Adult Learners’ Week offers much to celebrate, explains Fiona Aldridge, but the results of a national survey also provide a sober reminder of the ongoing need to make the classroom an attractive proposition
Adult Learners’ Week has two main highlights for me. Firstly, the compelling stories we hear from award winners about how learning has enabled them to transform their lives.
Secondly, the findings of our annual survey on adult participation in learning which show, at a national level, what proportion of adults take part in learning, alongside details of who participates and who doesn’t.
I am particularly excited about the inspirational stories of the three learners who have won our Learning for Work Awards (supported this year by the National Open College Network).
Many nominees we heard from had left full-time education with a sense that learning was ‘not for them’, not enjoyable and not relevant to their lives.
Having returned to learning as an adult however, they have experienced the success and benefits, both at work and in their wider lives, and are hungry for more.
Each one of these stories illustrates what the survey tells us year after year — that the majority of adults who are engaged in learning plan to continue in the future.
Most people with little or no experience of learning as an adult have no intention of taking part.
The 2013 survey shows that around two-fifths of adults have taken part in learning in the previous three years, while a similar proportion have not done any learning since leaving full-time education.
This level of engagement is not evenly spread across the adult population. Participation is determined by a range of factors — age, employment status, social class and prior learning.
While this year’s survey shows no change in the overall levels of participation and little change in the patterns of participation from last year, two particular sets of figures do stand out. Firstly, while it is generally true that older people are less likely to be learning, the 2013 survey shows a surprising and substantial fall in the proportion of young adults taking part (a fall of 9 percentage points among those aged 17 to 19 and 5 percentage points among 20 to 24-year-olds).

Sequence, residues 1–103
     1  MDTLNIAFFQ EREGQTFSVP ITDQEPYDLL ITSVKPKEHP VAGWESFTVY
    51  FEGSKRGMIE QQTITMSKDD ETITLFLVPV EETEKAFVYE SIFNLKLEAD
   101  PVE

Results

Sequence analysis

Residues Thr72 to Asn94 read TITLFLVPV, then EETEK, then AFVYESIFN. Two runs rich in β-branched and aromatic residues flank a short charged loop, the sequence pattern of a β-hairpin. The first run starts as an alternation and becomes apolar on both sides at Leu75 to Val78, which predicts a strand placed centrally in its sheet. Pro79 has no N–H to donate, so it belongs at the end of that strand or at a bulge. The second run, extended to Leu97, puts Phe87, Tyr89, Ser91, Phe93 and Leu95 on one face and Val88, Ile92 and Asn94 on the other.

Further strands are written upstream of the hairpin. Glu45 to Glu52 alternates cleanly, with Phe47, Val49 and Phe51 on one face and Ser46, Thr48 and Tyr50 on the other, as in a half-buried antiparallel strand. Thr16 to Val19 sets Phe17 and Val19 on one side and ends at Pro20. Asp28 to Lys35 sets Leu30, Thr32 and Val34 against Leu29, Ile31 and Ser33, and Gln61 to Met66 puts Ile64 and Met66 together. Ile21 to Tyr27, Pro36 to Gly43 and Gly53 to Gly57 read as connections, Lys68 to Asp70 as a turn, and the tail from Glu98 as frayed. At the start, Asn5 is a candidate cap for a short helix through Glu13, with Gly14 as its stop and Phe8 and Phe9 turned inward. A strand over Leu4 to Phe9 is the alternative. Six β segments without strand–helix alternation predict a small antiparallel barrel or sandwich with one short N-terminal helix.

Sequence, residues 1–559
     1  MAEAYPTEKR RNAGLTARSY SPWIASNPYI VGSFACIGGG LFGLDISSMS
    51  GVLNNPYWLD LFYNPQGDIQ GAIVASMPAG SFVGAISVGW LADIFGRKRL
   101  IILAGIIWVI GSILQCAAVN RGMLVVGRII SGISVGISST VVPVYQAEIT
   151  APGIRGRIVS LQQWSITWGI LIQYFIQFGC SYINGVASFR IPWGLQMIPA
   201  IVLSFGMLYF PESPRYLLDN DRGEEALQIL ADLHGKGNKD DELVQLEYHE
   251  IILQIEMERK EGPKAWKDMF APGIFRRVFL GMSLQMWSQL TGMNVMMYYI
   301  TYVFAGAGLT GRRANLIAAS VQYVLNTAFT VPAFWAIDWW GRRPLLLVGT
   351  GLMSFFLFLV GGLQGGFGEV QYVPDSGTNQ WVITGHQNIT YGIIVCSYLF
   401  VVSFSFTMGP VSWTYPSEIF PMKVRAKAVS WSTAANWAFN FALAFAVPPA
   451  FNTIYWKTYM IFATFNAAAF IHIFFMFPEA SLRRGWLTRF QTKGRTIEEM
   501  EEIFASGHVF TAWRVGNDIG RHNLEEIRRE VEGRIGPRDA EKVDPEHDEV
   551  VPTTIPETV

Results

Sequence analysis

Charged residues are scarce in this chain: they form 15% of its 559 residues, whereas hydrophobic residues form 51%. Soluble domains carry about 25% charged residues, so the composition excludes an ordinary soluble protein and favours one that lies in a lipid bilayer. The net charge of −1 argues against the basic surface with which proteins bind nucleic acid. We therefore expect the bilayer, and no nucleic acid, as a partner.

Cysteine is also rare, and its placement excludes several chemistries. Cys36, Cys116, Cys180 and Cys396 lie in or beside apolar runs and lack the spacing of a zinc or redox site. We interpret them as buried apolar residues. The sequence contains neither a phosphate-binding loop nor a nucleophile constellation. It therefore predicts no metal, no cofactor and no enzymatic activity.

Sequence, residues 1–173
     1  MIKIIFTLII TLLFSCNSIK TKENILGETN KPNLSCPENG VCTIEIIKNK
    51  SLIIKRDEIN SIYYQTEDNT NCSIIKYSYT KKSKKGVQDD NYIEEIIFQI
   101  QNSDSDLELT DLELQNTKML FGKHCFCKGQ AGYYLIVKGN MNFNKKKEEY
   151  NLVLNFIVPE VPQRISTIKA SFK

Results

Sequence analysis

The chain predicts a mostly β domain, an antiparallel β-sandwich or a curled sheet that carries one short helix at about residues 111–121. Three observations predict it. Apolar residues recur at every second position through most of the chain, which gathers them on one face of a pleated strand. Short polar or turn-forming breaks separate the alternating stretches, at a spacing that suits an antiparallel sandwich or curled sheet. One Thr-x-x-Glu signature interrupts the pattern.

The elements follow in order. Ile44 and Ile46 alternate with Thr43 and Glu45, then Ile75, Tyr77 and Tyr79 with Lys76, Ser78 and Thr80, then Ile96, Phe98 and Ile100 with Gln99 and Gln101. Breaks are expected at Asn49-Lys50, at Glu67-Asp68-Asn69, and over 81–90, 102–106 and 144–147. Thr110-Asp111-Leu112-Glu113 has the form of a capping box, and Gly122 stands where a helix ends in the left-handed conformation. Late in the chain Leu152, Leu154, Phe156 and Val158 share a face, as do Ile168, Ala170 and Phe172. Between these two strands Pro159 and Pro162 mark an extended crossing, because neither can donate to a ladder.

In a climate of high levels of youth unemployment, these figures are of considerable concern.
Research shows that for young adults who are not in education, employment or training the impact can be devastating and can continue well into their adult lives.
Secondly, while the survey shows a welcome increase in participation among part-time workers (from 42 per cent to 48 per cent) there is a worrying decline among unemployed adults (from 41 per cent to 35 per cent).
A greater appetite for learning among part-time workers might reflect, in part, the growing number of ‘underemployed’ adults who are looking to improve their skills to enable them to take on further part-time employment or move to full-time employment. If this is the case, then it is will be important to ensure that relevant learning opportunities are offered on a flexible basis in order that they are accessible to adults who may have other substantial commitments.
Much more challenging though is the decline in participation of unemployed adults (to the lowest level since the survey series began in 1996).
Given the vital role that learning and skills play in helping unemployed adults to gain and progress in work — as outlined in NIACE’s recent publication The Work Programme: What’s the role of skills —this is of particular concern.
As is often the case with large quantitative surveys, the data provides us with as many questions as answers. We will be undertaking further analysis of the data, which we will publish later on in the year. Meanwhile we can only hope that those who think learning is not for them will be inspired by this year’s award winners and take the step towards a brighter future.
Fiona Aldridge, head of learning for work, National Institute of Adult Continuing Education